Court reports (criminal and civil)

Psychiatric legal reports are reports prepared by an instructed expert witness to give his independent opinion regarding a case in a court. The purpose of the psychiatric report is to communicate the expert’s opinion so as to assist the court in reaching conclusions on matters in issue and to enable it to do so justly. Psychiatric reports are of great value in a number of legal areas such as personal injury, immigration, criminal law and family law.
Personal Injuries are ‘any disease and any impairment of a person’s physical or mental condition’. In relation to psychiatry, in order for a personal injury case to be relevant it must be proven that the claimant has sustained a ‘recognisable psychiatric illness’. A recognisable psychiatric illness is not shock, grief, distress or some other emotion, but a positive illness ‘recognised as such by a specialist in psychiatry’. Our centre has experience in the following areas relating to personal injury psychiatric reports:

  • PTSD
  • Road traffic or workplace accidents
  • Fitness to work
  • Depression, Anxiety
  • Work related stress

Psychiatric reports used in criminal proceedings can be commissioned by the defence, the prosecuting side and by the by the court itself. Pre-trial and preliminary issues may include bail, fitness to be interviewed/reliability, fitness to plead and stand trial, and vulnerable defendants. Trial issues may include diminished responsibility, insanity, automatism, loss of control, duress and coercion amongst others. Our centre also has expertise in violence risk assessments. Our centre can prepare psychiatric reports for child and family law cases. Some of the areas covered are:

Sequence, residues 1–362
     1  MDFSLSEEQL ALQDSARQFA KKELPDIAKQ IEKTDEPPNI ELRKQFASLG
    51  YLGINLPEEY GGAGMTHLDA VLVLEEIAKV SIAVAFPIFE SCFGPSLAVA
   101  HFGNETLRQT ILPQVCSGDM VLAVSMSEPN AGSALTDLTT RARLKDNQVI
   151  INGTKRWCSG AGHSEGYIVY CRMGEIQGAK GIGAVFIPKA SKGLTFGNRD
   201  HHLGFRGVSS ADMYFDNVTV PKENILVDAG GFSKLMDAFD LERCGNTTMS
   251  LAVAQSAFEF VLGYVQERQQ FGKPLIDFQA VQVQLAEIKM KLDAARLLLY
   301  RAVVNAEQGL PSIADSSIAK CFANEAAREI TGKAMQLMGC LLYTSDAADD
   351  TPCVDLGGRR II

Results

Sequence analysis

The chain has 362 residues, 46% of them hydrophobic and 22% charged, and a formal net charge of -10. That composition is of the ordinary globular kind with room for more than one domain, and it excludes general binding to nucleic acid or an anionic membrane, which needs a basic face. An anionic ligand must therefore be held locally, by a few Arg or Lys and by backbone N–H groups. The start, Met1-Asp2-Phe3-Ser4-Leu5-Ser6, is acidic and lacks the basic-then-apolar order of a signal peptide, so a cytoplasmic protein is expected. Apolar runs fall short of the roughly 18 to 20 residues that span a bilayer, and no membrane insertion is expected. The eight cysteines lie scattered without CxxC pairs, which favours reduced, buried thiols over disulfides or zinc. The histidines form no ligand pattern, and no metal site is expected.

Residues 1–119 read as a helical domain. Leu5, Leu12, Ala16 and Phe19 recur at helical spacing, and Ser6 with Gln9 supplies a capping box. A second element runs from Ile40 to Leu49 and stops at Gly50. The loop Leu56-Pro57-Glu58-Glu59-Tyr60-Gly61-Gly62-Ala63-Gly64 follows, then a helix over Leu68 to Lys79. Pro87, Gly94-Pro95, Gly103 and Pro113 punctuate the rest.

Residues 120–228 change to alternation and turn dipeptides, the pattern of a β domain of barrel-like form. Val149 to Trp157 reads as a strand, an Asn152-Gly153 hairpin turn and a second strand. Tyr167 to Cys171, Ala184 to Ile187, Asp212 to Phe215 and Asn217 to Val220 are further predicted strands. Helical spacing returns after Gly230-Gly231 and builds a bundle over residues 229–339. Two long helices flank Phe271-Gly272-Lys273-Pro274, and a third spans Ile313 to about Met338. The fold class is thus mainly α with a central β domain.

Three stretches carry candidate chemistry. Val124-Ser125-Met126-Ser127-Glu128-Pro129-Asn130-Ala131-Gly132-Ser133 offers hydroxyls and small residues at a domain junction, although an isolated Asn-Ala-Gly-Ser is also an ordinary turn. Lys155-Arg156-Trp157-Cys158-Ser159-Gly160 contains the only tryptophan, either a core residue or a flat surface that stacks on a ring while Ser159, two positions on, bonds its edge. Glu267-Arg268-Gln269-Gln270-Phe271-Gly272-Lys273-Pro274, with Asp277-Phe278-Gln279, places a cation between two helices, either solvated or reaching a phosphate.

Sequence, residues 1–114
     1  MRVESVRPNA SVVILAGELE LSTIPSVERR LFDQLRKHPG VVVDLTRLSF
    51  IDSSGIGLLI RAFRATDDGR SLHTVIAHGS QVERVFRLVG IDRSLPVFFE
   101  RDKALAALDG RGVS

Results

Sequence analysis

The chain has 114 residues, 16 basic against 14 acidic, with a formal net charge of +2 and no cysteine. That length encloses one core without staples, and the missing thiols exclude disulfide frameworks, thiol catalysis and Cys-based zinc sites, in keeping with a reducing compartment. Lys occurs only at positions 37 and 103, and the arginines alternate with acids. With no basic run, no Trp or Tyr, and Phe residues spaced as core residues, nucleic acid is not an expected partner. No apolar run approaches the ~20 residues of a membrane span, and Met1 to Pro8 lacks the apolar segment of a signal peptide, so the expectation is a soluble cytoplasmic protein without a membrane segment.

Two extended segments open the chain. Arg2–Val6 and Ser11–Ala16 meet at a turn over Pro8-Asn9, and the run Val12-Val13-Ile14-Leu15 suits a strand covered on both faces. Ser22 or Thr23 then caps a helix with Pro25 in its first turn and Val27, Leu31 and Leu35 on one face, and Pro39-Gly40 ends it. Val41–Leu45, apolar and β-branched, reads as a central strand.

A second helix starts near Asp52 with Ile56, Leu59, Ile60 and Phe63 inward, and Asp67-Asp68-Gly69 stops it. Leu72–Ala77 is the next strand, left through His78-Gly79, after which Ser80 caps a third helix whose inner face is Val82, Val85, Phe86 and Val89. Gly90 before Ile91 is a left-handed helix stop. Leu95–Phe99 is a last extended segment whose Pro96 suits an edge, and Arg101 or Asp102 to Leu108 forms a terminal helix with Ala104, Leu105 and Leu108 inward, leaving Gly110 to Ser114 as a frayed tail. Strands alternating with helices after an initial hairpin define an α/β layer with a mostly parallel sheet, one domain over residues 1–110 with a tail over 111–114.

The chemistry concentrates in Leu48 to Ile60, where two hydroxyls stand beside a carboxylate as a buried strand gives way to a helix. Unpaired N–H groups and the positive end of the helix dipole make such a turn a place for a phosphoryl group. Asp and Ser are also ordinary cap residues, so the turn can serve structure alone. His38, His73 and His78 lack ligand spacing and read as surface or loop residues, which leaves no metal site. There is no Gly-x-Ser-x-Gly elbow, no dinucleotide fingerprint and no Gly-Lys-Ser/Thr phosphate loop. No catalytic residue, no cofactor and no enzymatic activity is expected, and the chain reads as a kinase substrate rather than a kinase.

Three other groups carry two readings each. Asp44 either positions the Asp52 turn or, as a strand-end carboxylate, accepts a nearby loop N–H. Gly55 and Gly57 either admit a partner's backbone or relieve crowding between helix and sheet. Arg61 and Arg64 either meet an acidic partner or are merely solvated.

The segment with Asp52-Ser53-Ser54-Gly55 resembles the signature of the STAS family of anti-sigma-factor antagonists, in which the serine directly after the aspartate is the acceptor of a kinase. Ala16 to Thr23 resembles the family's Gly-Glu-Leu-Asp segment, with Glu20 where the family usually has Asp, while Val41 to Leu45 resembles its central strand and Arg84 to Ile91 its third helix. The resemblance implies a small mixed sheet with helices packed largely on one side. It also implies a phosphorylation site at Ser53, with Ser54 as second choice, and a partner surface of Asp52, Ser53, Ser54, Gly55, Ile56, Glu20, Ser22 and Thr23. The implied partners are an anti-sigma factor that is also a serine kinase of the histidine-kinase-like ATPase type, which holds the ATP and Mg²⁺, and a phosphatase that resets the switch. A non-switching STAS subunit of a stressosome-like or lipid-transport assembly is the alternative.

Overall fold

• Parental Assessments
  • Child Care Proceedings
  • Custody
  • Child Contact Issues
  • Child Safety
  • Child Assessments including ADHD and Aspergers
  • Child Abuse : Physical / Emotional / Sexual

Mental capacity assessment

Capacity is the ability to make decisions for oneself. A person may lack capacity due to a disability such as intellectual disability, dementia, brain injury or mental illness. A person may lack capacity temporarily, such as during a coma following an accident. The person may be able to make some decisions but not others.
Legal capacity and all the rights that go with it remain in effect until death, unless a court of law determines that a person can no longer manage personal affairs in his own best interest and court intervention is necessary to protect the person. People are assumed to have capacity to make their own decisions unless it can be demonstrated that they lack capacity.